3. Representation: In the classroom, this means being intentional about making sure all students see themselves represented in leadership roles, curriculum and learning materials, and stories of success. This also matters in the hiring and promotion practices within the district. The more students see themselves represented in the teachers and administrators in their school, the greater sense of belonging they will feel.


#3 The Power of Networks in Fighting Bias

I often think of networks as a group of people who connect around professional interests, but Pamela expanded my understanding of networks to be a powerful tool for mitigating bias and coping with its impacts. Networks can mitigate bias when we intentionally seek out opportunities to build perspectives different from our own. And networks can help us cope with the impacts of bias by building our sense of belonging and growing our cultural competence.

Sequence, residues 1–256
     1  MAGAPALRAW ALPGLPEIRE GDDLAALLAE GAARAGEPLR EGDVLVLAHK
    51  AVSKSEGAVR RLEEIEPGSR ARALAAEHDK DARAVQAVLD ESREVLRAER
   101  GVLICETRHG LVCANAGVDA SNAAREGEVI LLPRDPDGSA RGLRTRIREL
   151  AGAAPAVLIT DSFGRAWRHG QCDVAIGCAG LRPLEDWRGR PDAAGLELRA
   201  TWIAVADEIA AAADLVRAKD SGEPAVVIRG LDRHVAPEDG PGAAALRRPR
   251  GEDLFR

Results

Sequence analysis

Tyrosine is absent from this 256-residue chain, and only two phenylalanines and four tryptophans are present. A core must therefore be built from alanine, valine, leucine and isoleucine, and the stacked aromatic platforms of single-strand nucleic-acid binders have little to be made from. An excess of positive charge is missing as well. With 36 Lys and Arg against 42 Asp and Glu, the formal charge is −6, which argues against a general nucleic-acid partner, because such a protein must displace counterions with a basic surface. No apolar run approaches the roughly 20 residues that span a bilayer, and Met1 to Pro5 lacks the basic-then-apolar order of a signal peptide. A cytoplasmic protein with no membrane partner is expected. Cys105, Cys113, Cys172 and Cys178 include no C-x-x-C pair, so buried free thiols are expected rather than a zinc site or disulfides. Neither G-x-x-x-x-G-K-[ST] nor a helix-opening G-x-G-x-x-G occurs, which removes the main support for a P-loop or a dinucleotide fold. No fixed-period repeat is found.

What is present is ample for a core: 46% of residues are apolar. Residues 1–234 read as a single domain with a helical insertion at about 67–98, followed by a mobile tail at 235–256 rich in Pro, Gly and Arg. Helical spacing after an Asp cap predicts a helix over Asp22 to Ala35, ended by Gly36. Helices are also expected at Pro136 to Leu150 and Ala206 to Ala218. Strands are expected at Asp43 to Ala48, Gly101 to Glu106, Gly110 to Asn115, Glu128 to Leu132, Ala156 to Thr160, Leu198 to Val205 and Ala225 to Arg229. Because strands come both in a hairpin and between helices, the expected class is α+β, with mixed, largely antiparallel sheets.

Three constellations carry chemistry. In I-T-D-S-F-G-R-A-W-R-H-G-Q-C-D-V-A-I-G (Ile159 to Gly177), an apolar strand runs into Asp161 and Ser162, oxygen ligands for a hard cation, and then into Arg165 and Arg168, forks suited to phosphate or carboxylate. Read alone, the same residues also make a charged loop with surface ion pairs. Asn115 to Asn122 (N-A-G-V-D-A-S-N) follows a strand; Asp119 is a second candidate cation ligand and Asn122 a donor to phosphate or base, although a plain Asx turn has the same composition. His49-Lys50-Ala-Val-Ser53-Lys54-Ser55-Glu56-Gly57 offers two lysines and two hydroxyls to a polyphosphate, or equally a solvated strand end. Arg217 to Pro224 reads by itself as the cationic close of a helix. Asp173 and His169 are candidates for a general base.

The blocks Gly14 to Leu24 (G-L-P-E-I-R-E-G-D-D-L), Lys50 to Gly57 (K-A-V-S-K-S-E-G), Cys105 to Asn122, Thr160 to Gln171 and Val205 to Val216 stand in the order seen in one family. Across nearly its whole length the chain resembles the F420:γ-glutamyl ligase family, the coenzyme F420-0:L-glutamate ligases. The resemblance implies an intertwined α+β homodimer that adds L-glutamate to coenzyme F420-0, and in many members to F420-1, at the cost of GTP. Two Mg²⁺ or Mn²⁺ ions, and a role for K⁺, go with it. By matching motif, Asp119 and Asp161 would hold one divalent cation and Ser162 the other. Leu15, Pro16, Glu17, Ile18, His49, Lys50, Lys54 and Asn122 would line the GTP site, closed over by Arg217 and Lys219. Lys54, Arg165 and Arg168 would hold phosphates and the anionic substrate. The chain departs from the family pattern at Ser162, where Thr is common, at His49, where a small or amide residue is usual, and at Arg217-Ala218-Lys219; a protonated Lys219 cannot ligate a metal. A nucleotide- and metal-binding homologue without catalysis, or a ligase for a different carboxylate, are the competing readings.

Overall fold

Actions for School Leaders:

  • To support your own growth: Take steps to grow your own network to include those from different backgrounds and those who hold perspectives different from your own. This will increase your ability to make decisions that are effective for your whole staff. 
  • To support the growth of your staff: Encourage networks within your work setting by creating opportunities for mentoring, coaching, and affinity groups.


#4 Seeing bias as a journey, not a single destination.